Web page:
Rituals

Rituals organize our lives. We ritualize our days, and have special rituals for some days. Monday to Friday, we do our morning ablutions, maybe eat something, and hurry off to the job. Throughout the day, on the job, a ritual of productivity proceeds. The journey to the job and the return to home at workday’s end are also rituals. Friday evening, Saturday and Sunday might be rituals unlike the workday rituals, but rituals all the same. Those of us that embrace religion have even more rituals. It matters not which religion one chooses to follow, rituals will be a big part of it.

A young couple lived a neatly organized and busy life. They lived in a small bungalow with just two bedrooms. They planned to have a family after five years, when they could afford a larger home. The second bedroom was Richard Stern’s office, in which he worked on line for a large transportation company. Mona Stern, Richard’s young wife, was a tax consultant. She worked for a large accounting firm. She was a certified public accountant, and had risen to become supervisor over a staff of nine. It was one of several ‘cells’. The company found that ‘teams’ in separate cells were more productive.

Mona Stern enjoyed her rituals. She’d rise at six in the morning, go straight to the bathroom to relieve herself and to shower. She would wear the outfit she planned the previous evening. In the small kitchen, she would enjoy her orange juice, rye toast and coffee while watching the news and weather report on her tablet. After the weather predictions, the sports news came on. Mona turned off her tablet, put it into her handbag, and left for the walk to the office. It was five blocks to her place of business.

By eight o’clock, Mona Stern was striding happily along Acorn Road, observing the many small, neat bungalows similar to her own. Ancient Oak trees shaded the street until the next corner. The busy rush hour was under way on Charles Avenue as it was every morning. As on every weekday morning, Mona turned right and strode along the narrow sidewalk. Old industrial buildings encroached on the sidewalk. They were remnants of the industrial revolution and had stood empty for decades. Mona ignored the cars lined up at red lights. She enjoyed her walk every morning, and was comfortable in the familiar routine that she had been repeating every morning for five years.

In the next block, an old building that had been a garment factory was to be transformed into luxury apartments, with the high ceilings and huge windows as selling points. The fact that there was a change taking place along her route after five years was just a bit unsettling. It altered the routine walk to work.

There were pickup trucks along the curb. Rubber cones were guiding the heavy traffic into one lane, around the trucks. High up on the roof parapet, people were installing a heavy beam to project out from the building. It was needed to create an elevator of sorts, to carry up workers, equipment, and materials. Mona was annoyed at the traffic clamour, and hastened her pace, to escape the irregularities.

At that moment, the rooftop workers faltered in their job. The beam dropped, slowly rotating top to bottom. It did not hit the sidewalk lengthwise. End first, the beam struck the old concrete walkway, pierced it like a piecrust and buried itself two feet into the ground. It hit the spot where Mona Stern had been, a second before she hurried to get away from the cacophony of car horns and engine roars.

The blasting sound of the beam demolishing the concrete right behind her startled Mona. She jumped and turned around to see dust and particles swirling around an eight-foot tall steel beam. A nearby worker asked if she was okay, but Mona didn’t answer, she just strode on her way to her office. She used a quicker pace than her usual, ritual stride.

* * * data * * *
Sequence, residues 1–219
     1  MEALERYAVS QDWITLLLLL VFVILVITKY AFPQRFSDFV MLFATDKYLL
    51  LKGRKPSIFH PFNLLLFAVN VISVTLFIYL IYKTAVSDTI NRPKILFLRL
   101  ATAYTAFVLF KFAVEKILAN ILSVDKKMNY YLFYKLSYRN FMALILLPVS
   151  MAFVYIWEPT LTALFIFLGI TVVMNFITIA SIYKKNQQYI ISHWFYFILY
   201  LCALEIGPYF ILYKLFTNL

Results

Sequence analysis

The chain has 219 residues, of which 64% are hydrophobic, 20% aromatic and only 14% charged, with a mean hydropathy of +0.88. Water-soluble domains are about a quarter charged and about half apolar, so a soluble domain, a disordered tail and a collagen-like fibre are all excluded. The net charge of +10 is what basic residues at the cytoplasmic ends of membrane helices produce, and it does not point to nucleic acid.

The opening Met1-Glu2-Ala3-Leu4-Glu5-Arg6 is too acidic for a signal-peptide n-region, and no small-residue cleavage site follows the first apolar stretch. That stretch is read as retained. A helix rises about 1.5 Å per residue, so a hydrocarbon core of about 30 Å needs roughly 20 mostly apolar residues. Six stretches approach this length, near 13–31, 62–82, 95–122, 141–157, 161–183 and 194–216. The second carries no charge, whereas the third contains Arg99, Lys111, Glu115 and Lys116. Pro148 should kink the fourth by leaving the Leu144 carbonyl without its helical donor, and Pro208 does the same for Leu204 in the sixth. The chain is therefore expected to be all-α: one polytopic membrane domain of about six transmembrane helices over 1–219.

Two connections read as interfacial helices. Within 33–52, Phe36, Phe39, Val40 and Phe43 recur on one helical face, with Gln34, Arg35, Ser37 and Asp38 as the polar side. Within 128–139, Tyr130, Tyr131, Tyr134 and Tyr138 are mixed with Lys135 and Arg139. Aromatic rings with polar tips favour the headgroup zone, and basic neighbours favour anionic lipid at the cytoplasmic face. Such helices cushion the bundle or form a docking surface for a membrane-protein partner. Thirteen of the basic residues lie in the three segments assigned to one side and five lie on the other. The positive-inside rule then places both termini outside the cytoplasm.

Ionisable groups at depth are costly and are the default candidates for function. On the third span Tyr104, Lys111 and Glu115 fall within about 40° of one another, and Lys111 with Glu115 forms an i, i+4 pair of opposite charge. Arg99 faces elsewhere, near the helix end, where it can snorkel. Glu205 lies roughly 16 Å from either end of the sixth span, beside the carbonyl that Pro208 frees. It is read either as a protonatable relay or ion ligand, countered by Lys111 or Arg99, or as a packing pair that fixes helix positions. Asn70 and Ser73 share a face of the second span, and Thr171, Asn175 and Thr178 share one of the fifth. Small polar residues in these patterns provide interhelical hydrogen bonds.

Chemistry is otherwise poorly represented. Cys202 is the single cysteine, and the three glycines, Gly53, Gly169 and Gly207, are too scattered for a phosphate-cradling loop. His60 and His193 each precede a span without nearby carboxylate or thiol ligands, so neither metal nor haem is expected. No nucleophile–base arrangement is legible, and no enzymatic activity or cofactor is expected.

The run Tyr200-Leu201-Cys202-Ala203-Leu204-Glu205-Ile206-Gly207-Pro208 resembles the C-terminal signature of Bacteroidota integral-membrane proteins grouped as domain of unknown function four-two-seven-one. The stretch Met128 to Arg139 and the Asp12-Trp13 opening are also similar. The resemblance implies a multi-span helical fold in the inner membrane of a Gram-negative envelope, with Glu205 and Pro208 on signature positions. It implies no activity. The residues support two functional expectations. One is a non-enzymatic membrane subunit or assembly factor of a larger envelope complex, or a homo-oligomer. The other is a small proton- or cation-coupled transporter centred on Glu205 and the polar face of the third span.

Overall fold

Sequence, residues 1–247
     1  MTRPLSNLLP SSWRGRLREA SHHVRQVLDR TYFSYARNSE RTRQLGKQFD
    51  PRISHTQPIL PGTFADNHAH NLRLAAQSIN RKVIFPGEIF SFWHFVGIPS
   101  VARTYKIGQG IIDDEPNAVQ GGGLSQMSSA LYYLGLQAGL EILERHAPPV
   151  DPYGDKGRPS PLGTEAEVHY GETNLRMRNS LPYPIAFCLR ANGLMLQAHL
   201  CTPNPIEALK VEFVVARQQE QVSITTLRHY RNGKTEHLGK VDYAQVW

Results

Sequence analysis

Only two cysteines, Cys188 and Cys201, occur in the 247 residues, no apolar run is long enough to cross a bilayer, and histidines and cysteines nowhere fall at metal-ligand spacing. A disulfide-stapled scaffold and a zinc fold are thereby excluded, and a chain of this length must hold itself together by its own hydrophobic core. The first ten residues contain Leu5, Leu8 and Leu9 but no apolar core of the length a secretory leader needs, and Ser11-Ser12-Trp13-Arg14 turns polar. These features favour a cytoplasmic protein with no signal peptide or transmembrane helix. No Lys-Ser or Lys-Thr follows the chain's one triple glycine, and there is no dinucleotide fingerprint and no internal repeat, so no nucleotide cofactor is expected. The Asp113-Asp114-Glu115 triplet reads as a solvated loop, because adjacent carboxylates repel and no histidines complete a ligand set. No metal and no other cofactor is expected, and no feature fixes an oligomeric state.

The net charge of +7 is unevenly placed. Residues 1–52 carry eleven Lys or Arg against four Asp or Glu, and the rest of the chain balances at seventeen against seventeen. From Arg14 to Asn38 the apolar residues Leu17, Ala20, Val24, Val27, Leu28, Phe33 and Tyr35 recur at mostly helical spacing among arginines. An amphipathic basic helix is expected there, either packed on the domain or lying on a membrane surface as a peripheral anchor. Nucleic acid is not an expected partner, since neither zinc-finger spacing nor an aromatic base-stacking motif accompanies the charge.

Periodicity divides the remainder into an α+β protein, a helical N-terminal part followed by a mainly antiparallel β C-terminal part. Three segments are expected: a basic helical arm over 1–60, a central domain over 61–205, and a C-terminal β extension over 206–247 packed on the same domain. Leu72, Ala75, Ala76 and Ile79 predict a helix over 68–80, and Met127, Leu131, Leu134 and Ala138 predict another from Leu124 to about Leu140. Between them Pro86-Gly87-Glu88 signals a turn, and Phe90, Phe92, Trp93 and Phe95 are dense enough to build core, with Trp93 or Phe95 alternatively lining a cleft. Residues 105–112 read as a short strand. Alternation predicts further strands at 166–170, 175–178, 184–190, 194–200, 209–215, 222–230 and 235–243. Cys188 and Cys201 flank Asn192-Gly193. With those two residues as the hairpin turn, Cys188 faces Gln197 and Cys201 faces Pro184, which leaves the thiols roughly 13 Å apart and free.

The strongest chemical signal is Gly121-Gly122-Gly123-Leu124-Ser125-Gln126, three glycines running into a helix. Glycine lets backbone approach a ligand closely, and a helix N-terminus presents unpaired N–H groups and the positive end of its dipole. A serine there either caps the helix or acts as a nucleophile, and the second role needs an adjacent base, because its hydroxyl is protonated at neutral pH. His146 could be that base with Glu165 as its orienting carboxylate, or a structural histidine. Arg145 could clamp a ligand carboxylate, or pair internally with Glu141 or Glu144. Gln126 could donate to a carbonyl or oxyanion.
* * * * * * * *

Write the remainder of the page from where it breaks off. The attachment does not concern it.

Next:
Throughout the rest of her day, Mona Stern struggled to do her work on the Dominica and Bolivar account. She struggled to stay focused while she assigned her team to various parts of her employer’s largest and most profitable account. The dropped beam, and the vast repercussions that might have come had it hit her, invaded her mind. She sat at her desk and analysed the routine that she knew so well. She began to question the wisdom of so regular a routine. Perhaps a change of situation, rather than a predictable routine, would be safer and perhaps beneficial. Mona resolved not to follow her usual, routine stroll home.

The office closed at four-forty-five. Mona Stern took the time to leave her files in impeccable order, her desk clear and the tools of her profession alongside her computer keyboard. She left the building moments after her staff and coworkers departed. In her normal routine, she would turn left and stride the route home. On this occasion, Mona turned right out of the building and strode in the direction away from home, husband, and fallen beam.

With no preparation and little thought, the young woman strode as far as the train station and boarded a train because it was leaving soon. Mona Stern didn’t care where the train was going; she just needed it to be free of routine.

At the point where the train journey terminated, Mona left the train. She attained an apartment, a professional position, and a new life. She fell in love with a co-worker that fell in love with her. They moved in together. Meanwhile, the young husband back home was frantic with worry. It seemed the authorities could not find Mona because she changed her name to Rose Kroll.

Rose Kroll, formerly Mona Stern, lived with her new husband in a neat bungalow within walking distance of her office. Her new husband began to work from home designing furniture. Every morning Rose showered, enjoyed orange juice, rye toast and coffee while watching the news on her tablet. When the weather forecast ended and the sports news came on, Rose Kroll left the home to walk to her office.

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